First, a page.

Republicans visited the global climate summit in Dubai this weekend — marking engagement on the issue from a party that is not typically enthusiastic about fighting global warming.
One of the climate solutions touted by some of the GOP lawmakers that attended the conference, however, is natural gas, which is still a fossil fuel that contributes to such warming.
The lawmakers’ appearance at the summit as part of bipartisan delegations is somewhat surprising given that the GOP is not known for embracing actions aimed at protecting the climate: Republicans voted against Democrats’ major climate bill last year and have opposed a number of the Biden administration’s environmental policies, while the party’s current crop of presidential candidates has largely brushed off climate change on the campaign trail.
But Republicans say they want to show both Americans and the world that gas, nuclear and mining can be climate solutions.
In addition to noting that natural gas is a fossil fuel whose emissions worsen climate change, critics have pointed to environmental issues associated with nuclear and mining — though minerals acquired through the latter are also crucial for renewable energy technologies.
The GOP lawmakers, however, are pushing back against such criticisms as they look to promote what they’ve presented as avenues for their states to help counter climate change.
Several House Republicans are at the COP28 summit as part of an official bipartisan delegation affiliated with the Energy and Commerce Committee.
The group is led by Rep. Kelly Armstrong (R-N.D.), the energy panel’s vice chair, who told The Hill last week that his objective is to show how “places like North Dakota and the United States are part of the energy solution, not part of the energy problem.”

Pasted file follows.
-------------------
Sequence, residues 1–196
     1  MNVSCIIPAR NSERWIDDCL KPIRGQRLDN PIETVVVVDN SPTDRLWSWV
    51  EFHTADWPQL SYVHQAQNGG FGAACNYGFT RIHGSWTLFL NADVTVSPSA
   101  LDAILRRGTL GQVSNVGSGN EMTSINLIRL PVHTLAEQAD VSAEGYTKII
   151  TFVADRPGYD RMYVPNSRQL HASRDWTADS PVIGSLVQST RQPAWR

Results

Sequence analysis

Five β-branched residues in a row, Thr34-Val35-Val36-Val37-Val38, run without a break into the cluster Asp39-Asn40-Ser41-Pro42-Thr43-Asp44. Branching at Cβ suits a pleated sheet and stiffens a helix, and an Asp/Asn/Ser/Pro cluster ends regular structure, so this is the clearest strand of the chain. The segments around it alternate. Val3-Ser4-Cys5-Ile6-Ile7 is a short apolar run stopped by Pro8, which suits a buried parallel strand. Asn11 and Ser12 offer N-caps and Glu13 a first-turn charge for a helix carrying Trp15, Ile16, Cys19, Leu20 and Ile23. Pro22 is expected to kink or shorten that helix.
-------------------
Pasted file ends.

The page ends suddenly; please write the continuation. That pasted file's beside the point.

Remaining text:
Asked to elaborate, he pointed to U.S.-produced natural gas.
“We have it and we can provide it to people so they don’t have to get it from Russia,” he said.
Natural gas is a fossil fuel that emits less carbon when burned than coal or oil, but still contributes planet-warming emissions. The fuel’s production is also associated with emissions, which are exacerbated by leaks.
Asked about emissions coming from natural gas, as opposed to more climate-friendly renewables, Armstrong told The Hill that gas is “also dispatchable and reliable which does not come with things like wind and solar.”
He also said that members of the delegation would have a bilateral meeting with Australia — a leading producer of minerals including lithium, which is a key component of batteries for electric vehicles and renewable energy storage, and uranium, which is used in nuclear power.
“I’m pretty interested in talking to them about critical minerals and [rare earth minerals] … because if you’re going to talk about wind and solar you’re talking about batteries,” he said, noting that China has a massive piece of the global lithium market.
Rep. Buddy Carter (R-Ga.), meanwhile, touted nuclear energy during a panel discussion at the conference, calling it “reliable, clean energy” and noting that his state recently had a new nuclear reactor come online and another is expected next year.